But I think I figured out that none of that is the case, and that the sky isn’t falling. The weather has also changed recently, which means I’m sweating less and later into the run. The heart rate monitor works off of electrical impulses of the heart, and needs a good “connection” to my chest in order to work. Water or sweat provides that connection. During the summer the simple act of stepping outside produced a layer of sweat sufficient to make good contact. But now that it’s colder I’m not forming that layer of sweat until after a quarter of a mile or so, and my heart rate monitor is generating initially erratic readings. I’m going to prove this theory by making sure the heart rate monitor contacts are wet at the beginning of all future runs, and checking to see if the erratic readings continue.

The “gold standard” of physicals for endurance athletes, if there is indeed one, would be the stress test. Doctors measure your heart beat and respiration while placing you under increasing levels of stress on a treadmill until your maximum heart rate is achieved. In certain cases heart defects are found, and the athlete is treated and educated. The bottom line is that endurance running is not for everyone, and that it can actually harm your health if you have preexisting heart disease.

Some more notes about this run:
* High for the run: 7:30 last mile, and knowing I can run a 3:30 marathon
* Low for the run: .02 miles I ran at the end (it was difficult to stand and I had ability to make lateral movement) and frozen hands (45 degrees warrants gloves)
* Ugly but painless blister on outside of little toe on right foot.
* Breakfast = bananna, southwest airlines peanuts package, half a blueberry bagel
* water => few fountains on trail, so I averaged about 5-6 miles between water stops.
* nutrition => ate two clif shot blocks, but I could barely get them out of the zipper pocket of my shorts because my hands were numb.
* people finally started showing up during the last hour of my run, but it was lonely and quiet for quite some time.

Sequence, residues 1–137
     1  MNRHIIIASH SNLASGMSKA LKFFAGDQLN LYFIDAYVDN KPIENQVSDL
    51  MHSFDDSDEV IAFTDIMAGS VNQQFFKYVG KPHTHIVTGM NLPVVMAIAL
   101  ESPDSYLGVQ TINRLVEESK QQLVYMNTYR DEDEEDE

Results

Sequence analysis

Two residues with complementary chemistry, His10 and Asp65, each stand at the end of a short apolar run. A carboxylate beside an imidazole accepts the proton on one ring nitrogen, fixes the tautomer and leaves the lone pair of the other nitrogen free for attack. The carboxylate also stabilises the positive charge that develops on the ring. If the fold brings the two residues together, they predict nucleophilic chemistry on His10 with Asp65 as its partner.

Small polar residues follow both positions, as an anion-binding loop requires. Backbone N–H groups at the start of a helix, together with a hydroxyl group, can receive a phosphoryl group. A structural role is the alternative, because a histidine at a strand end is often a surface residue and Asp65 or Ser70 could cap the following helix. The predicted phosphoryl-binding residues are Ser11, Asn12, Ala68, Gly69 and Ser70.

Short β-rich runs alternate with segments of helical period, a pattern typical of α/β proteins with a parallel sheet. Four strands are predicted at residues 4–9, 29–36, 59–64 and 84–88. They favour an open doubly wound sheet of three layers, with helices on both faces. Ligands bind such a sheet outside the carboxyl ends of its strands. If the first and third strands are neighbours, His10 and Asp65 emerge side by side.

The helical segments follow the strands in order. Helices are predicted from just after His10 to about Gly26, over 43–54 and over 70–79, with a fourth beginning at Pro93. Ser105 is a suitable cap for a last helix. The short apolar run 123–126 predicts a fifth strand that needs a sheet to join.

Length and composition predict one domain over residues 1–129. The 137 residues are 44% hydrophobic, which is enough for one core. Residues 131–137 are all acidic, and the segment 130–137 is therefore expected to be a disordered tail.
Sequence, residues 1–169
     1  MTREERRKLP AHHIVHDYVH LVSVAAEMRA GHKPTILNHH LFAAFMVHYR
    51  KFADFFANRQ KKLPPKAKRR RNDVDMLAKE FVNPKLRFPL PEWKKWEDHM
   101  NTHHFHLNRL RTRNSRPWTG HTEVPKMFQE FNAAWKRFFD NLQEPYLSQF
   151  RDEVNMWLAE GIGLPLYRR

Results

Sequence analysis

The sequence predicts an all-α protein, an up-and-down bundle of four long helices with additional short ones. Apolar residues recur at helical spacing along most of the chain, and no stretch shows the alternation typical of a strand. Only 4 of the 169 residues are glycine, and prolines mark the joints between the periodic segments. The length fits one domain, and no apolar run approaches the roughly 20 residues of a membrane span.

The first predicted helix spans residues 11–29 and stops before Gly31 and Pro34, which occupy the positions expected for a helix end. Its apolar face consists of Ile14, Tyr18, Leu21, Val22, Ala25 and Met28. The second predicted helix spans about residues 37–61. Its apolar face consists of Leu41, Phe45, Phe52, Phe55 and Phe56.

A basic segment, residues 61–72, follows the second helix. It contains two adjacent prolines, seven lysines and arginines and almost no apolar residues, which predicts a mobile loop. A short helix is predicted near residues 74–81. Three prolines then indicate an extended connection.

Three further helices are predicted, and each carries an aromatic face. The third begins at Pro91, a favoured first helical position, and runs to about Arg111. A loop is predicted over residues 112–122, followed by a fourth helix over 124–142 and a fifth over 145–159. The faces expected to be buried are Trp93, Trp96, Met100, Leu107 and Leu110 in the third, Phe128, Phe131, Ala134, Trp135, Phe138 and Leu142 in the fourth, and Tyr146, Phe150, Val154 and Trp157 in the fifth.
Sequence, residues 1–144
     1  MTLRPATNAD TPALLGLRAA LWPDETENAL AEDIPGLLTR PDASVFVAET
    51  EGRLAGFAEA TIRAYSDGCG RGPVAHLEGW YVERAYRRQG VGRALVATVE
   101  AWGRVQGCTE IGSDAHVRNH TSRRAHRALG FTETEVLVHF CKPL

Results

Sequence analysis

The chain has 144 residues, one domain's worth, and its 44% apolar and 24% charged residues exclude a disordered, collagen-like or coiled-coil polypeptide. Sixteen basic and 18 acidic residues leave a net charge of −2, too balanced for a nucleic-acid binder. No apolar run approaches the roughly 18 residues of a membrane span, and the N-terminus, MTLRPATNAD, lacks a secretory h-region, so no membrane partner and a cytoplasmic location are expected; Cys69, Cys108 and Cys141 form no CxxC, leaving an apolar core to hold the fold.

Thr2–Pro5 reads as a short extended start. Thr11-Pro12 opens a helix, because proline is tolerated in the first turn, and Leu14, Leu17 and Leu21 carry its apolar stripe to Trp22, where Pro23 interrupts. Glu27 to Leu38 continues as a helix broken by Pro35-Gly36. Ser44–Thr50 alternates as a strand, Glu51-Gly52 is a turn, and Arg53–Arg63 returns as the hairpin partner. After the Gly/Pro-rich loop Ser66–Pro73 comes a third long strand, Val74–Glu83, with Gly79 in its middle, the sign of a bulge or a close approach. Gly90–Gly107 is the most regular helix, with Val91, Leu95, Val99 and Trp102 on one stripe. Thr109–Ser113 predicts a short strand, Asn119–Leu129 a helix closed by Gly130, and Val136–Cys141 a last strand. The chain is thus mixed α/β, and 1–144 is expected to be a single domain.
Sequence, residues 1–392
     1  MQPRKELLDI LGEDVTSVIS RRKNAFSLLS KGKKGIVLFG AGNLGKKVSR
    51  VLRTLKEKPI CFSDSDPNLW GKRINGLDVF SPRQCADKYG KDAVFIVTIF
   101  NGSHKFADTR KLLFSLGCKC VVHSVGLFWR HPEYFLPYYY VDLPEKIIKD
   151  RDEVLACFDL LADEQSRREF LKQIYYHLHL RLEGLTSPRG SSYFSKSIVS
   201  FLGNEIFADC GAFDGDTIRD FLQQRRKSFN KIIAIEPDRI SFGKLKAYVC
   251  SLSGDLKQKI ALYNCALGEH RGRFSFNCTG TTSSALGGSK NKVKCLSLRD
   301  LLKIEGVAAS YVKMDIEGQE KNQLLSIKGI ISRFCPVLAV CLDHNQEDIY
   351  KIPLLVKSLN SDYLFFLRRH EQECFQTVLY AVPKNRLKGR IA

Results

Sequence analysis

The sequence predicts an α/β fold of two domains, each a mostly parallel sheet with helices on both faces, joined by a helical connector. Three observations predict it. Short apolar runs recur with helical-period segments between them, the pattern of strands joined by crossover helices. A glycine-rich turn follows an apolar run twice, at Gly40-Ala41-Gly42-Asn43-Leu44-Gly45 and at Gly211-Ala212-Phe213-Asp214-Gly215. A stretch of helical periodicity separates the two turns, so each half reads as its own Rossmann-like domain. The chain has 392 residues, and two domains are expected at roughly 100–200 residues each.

The Tigers took on Alabama today, and won after converting a late Alabama turnover into seven points. I'm happy to have witnessed this victory firsthand, but I can't help but be a little perturbed that the Tigers continue in their normal mode of committing penalties and dropping passes. Let's hope we can correct some of these mistakes over the next couple of weeks before we have to face Arkansas on the Friday after Thanksgiving. Geaux Tigers!

8:07, 7:57, 7:33, 7:36, 7:51, 7:55 (46:59 for first 6 miles)
7:46, 7:48, 8:08, 8:15, 8:03, 8:05 (48:05 for second 6 miles)
8:00, 8:04, 8:03, 7:51, 7:52, 7:59 (47:50 for third 6 miles)
7:42, 8:18, 8:31, 8:03, 7:36, 7:30 (47:40 for fourth 6 miles)

1 comment:

Cory said...

Great run, Jonathan!

I've found that gloves are essential in cooler temperatures. For me, gloves seem to be the most important cold weather gear. If my hands are warm, it seems that the rest of my body is usually okay. I picked up a $5 "disposable" pair at a running store before the marathon with the intention of tossing them to the side during the run. However, I ended up keeping them on until the end even almost every other runner had taken their's off by the end. I'm glad that I had them and I'm happy that I kept them. They've come in handy on a few runs since then.